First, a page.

Imagine being a busy client.  You have taken three phone calls from three recruiters you’ve never met.  All three have told you why you can be comfortable launching your project with them.  You have listened but not taken any notes. Then all three send proposals that simply say “As discussed”.  I think you can see where I’m going with this.

So, why not open your proposal with a “Thank you for taking the time to chat with me today.  Further to our discussion, I understand you need …”

Then in the other fields you can lead with “As discussed in our phone conversation earlier today …” if you want.

The combination of your phone call and a detailed, respectful proposal gives you the very best chance of sealing the deal.

4.  Tell them what you have done rather than the type of relationship you’d like

Clients will pay for the best skills they can buy for their money.  Telling them you like animals and hand-in-hand moonlit walks along the beach won’t work here!

Even though you may have discussed all this on the phone, in sections 2 and 3 of your proposal give them renewed confidence that you have those skills by sharing:

  • the types of roles you have recruited in the past
  • the talent sourcing and screening processes you will go through
  • the candidate evaluation processes you will undertake
  • how often you will communicate your progress

And try to write plainly and simply – keep away from industry jargon and words that you wouldn’t use if you were talking to them.

5.  Justify your time and cost estimate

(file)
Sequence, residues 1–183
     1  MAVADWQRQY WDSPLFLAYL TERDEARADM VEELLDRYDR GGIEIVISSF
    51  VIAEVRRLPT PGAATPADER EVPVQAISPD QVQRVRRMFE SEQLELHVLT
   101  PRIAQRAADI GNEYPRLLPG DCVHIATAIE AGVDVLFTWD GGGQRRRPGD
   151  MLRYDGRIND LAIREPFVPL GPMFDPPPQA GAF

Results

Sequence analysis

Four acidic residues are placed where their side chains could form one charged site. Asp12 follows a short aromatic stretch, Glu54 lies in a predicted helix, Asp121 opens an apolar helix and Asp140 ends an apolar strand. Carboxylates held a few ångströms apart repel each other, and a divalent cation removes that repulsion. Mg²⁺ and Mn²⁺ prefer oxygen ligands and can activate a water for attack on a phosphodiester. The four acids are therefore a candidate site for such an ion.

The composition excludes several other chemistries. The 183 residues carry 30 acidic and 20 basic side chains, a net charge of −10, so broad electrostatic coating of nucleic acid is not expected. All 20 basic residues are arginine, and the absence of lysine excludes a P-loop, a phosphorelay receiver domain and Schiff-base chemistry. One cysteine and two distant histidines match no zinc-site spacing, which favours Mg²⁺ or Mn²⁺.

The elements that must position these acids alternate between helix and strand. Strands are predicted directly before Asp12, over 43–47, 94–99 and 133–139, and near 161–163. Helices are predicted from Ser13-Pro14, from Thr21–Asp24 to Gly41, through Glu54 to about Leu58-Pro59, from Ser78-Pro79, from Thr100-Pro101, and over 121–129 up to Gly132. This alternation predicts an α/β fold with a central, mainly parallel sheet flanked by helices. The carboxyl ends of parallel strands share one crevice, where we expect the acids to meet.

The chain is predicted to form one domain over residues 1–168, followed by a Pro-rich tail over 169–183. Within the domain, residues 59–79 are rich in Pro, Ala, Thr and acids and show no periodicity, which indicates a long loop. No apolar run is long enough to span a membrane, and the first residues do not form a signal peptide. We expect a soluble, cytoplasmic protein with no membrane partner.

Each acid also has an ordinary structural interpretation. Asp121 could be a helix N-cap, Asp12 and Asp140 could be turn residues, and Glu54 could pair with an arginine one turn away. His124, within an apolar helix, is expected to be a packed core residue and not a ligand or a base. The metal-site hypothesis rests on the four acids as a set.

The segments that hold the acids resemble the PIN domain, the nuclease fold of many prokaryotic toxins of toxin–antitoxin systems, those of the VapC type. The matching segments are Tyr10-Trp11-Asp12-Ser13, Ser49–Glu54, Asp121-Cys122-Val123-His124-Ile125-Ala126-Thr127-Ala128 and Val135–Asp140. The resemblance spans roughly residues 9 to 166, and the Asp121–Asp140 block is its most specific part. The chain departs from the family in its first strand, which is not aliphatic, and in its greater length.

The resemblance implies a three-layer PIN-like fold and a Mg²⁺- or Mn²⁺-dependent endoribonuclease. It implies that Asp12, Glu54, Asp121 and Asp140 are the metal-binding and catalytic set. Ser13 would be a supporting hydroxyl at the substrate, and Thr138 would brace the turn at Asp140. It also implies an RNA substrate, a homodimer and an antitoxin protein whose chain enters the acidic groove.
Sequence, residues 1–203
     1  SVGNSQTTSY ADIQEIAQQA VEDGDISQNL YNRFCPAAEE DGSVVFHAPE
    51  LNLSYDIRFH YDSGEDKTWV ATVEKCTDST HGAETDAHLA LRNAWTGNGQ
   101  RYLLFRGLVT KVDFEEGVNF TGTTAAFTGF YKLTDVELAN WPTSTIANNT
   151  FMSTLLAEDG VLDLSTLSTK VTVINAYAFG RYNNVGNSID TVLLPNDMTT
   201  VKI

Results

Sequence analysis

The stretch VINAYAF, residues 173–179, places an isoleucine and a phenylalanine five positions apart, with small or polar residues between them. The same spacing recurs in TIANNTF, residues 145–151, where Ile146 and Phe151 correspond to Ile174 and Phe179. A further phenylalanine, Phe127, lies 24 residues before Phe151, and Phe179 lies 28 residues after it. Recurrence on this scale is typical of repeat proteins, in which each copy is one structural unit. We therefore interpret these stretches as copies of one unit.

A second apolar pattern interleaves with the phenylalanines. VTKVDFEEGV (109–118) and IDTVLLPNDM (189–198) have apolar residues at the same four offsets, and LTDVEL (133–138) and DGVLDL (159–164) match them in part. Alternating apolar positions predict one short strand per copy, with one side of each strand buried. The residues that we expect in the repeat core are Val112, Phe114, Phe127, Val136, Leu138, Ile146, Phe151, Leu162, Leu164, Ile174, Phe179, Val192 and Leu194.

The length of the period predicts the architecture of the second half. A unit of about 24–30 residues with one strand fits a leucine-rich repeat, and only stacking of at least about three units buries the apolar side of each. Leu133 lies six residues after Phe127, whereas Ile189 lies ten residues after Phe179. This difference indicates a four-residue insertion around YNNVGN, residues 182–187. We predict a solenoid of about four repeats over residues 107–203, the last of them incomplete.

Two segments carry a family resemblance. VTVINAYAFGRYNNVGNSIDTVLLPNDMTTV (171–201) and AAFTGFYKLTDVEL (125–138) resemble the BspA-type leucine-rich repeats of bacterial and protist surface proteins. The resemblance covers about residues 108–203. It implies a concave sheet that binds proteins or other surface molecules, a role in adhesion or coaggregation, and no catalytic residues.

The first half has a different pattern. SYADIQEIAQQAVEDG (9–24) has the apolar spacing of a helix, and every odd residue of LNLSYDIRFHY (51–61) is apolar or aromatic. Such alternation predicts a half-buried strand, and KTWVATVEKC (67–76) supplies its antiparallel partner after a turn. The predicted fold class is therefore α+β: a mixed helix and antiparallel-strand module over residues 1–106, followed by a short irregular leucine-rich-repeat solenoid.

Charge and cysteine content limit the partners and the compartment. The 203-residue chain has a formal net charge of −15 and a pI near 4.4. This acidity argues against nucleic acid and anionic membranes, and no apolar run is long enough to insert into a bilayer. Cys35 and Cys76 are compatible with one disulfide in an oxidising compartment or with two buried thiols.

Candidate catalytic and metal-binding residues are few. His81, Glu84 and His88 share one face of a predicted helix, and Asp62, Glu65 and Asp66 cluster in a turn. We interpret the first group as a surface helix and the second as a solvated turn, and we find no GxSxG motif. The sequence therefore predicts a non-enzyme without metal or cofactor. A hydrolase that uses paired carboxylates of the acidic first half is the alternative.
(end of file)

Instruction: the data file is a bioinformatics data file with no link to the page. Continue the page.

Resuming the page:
The deeper your understanding of the role and the more you can detail the rigour you will bring to the sourcing and evaluation processes, the greater your chances of having your time and cost guesstimate accepted.

When clients actually see what you’ll be doing for the money, their sense of value in your services is heightened and the chance of pulling you into endless negotiation is diminished.

Also, your estimate constitutes an agreement with the client.  If you’ve been up front about your time and costs and they award you the project, they can’t come back and say they weren’t made aware of what it was going to cost.

6.  Punctuate, spell check and format

So, you’ve given the client the why (they should work with you), the how (you will go about the project) and a cost estimate.  Now is the time to show them you are a professional recruiter with good attention to detail. Clients will assume a lot about your intelligence and the care you will take with their project from the quality of your writing.

Use full stops to indicate the end of a sentence, capital letters to indicate the beginning of a new one and a few commas to break things up a bit.

And paragraphs to separate ideas/thoughts are essential!

7.  Follow up to close the deal

If the client awards the project to another recruiter, you will receive an email from RecruitLoop to that effect. But if you haven’t heard anything from us, the likelihood is that the client is still deciding which way to go.

So be proactive!  If you haven’t heard anything within 24 hours of submitting your proposal, give the client a call or shoot off an email (from your RecruitLoop email) asking if they’ve had a chance to look at your proposal yet because you are eager to find them the person they need.  Try not to assume anything from the lack of contact – other than they are busy.

If you’ve had repeated unsuccessful attempts to contact the client, then by all means email someone at RecruitLoop asking for an update but please don’t make this your default action – we will always suggest you try to make contact yourself in the first instance.  After all, it’s your client relationship you are trying to build.

And my last tip:  when you have crafted a proposal that works for you, save it as a Word document and then simply copy and paste each section into the fields in the template – changing company details and names of course!